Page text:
Similar to its Antarctica Service Medal, the Navy's Arctic Service Ribbon is awarded to Navy and Marine Corps personnel and to civilians (U.S. citizens, nationals, or resident aliens) who complete 28 days above the Arctic Circle after January 1, 1982. The ribbon was established in a Chief of Naval Operations Note 1650 issued by Admiral Carlisle Trost and dated June 3, 1987; the 28 days can be consecutive or cumulative.
What constitutes a “day” spent in those icy environs, however, depends on the type of work being performed. According to SECNAVINST 1650.1H, divers working under the ice are credited with two duty days for each day spent performing those duties. Those assigned to “ice camps”—temporary structures erected for specific exercises or research purposes—also earn the two-for-one credit.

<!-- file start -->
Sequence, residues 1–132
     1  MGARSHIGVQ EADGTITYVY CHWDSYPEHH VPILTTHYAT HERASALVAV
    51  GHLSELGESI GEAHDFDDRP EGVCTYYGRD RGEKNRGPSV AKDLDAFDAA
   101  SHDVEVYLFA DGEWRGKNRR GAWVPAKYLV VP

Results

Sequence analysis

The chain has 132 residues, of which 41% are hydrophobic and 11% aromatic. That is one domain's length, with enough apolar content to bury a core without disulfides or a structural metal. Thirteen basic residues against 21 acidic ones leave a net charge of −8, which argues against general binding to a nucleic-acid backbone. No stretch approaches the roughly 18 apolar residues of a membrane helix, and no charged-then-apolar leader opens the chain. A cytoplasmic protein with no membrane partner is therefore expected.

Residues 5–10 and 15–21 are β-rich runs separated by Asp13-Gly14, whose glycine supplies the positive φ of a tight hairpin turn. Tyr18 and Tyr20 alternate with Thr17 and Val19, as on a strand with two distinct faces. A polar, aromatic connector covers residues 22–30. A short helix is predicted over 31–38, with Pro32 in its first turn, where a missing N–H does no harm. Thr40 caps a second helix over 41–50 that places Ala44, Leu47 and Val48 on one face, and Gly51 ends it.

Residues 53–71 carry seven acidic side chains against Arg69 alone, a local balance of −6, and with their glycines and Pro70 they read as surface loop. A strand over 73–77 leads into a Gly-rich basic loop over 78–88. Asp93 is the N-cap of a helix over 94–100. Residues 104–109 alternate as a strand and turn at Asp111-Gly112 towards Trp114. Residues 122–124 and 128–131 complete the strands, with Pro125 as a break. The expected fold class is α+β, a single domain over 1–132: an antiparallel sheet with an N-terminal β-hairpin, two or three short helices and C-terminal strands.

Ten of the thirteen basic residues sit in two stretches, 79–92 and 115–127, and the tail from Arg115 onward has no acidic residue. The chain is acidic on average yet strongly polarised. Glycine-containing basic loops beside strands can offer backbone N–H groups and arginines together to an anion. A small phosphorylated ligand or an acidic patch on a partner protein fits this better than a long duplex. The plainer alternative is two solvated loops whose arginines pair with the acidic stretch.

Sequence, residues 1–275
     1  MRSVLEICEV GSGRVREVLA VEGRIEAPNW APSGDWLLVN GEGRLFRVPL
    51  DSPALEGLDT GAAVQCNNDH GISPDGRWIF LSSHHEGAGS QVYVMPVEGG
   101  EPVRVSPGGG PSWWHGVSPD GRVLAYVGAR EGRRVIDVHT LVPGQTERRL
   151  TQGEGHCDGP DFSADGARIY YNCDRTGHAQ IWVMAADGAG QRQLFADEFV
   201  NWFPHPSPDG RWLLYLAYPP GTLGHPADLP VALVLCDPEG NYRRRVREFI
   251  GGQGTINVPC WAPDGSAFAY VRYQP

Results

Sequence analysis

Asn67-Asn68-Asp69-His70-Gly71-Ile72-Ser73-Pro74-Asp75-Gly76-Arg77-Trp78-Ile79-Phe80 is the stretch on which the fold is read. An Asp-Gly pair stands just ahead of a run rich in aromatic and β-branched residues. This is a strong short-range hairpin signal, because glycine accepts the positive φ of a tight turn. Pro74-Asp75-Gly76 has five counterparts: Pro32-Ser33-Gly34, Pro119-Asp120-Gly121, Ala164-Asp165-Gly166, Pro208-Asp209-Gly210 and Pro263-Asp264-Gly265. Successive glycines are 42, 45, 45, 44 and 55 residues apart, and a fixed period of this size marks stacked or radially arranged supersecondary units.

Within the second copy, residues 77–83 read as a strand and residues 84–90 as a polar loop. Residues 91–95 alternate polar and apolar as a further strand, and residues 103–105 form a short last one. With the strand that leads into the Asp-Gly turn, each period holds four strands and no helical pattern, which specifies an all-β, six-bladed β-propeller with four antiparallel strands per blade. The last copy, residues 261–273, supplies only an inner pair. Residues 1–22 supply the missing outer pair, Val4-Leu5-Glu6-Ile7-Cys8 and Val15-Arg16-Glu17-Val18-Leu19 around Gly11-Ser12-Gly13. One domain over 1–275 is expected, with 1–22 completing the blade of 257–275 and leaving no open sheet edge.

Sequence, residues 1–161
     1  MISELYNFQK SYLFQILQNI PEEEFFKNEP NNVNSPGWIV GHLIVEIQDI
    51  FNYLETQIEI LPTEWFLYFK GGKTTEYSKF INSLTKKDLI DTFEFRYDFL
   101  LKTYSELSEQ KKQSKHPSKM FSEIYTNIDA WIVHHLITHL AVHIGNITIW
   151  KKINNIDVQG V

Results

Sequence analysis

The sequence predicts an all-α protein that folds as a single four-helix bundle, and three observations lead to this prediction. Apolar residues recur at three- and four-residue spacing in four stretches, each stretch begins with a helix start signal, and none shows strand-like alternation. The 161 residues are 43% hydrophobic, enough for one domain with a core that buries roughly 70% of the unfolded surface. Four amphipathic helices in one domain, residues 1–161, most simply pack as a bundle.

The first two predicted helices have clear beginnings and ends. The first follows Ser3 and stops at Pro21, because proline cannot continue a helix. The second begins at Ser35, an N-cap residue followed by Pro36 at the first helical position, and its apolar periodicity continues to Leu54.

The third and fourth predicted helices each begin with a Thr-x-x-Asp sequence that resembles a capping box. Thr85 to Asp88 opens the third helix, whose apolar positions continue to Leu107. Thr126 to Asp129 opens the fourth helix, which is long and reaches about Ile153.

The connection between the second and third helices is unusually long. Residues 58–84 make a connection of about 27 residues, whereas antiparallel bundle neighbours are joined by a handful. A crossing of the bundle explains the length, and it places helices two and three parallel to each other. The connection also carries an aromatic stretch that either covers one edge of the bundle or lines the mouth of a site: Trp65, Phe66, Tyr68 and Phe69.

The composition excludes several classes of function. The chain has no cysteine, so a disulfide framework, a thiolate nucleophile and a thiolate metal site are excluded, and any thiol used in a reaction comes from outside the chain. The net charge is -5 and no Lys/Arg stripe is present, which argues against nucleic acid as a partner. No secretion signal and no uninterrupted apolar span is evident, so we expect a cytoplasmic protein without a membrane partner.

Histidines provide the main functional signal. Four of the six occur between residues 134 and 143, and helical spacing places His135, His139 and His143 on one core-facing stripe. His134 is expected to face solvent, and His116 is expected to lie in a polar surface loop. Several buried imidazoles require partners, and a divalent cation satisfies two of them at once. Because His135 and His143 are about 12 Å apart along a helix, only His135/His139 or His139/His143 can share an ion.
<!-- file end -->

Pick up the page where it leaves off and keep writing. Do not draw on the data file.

Ice Camp Sargo, built as part of Ice Exercise (ICEX) 2016, consisted of several lodging huts, dining and storage buildings, a command post, and four runways (two primary, two backup). Constructed on an ice floe about 200 miles south of Prudhoe Bay, the camp was broken down and materials removed from the area in late March, 2016, a week ahead of schedule. The camp played a pivotal role in the success of ICEX 2016, which provided the Navy with research it could use to enhance the ability of its vessels, particularly submarines, to operate safely in Arctic waters.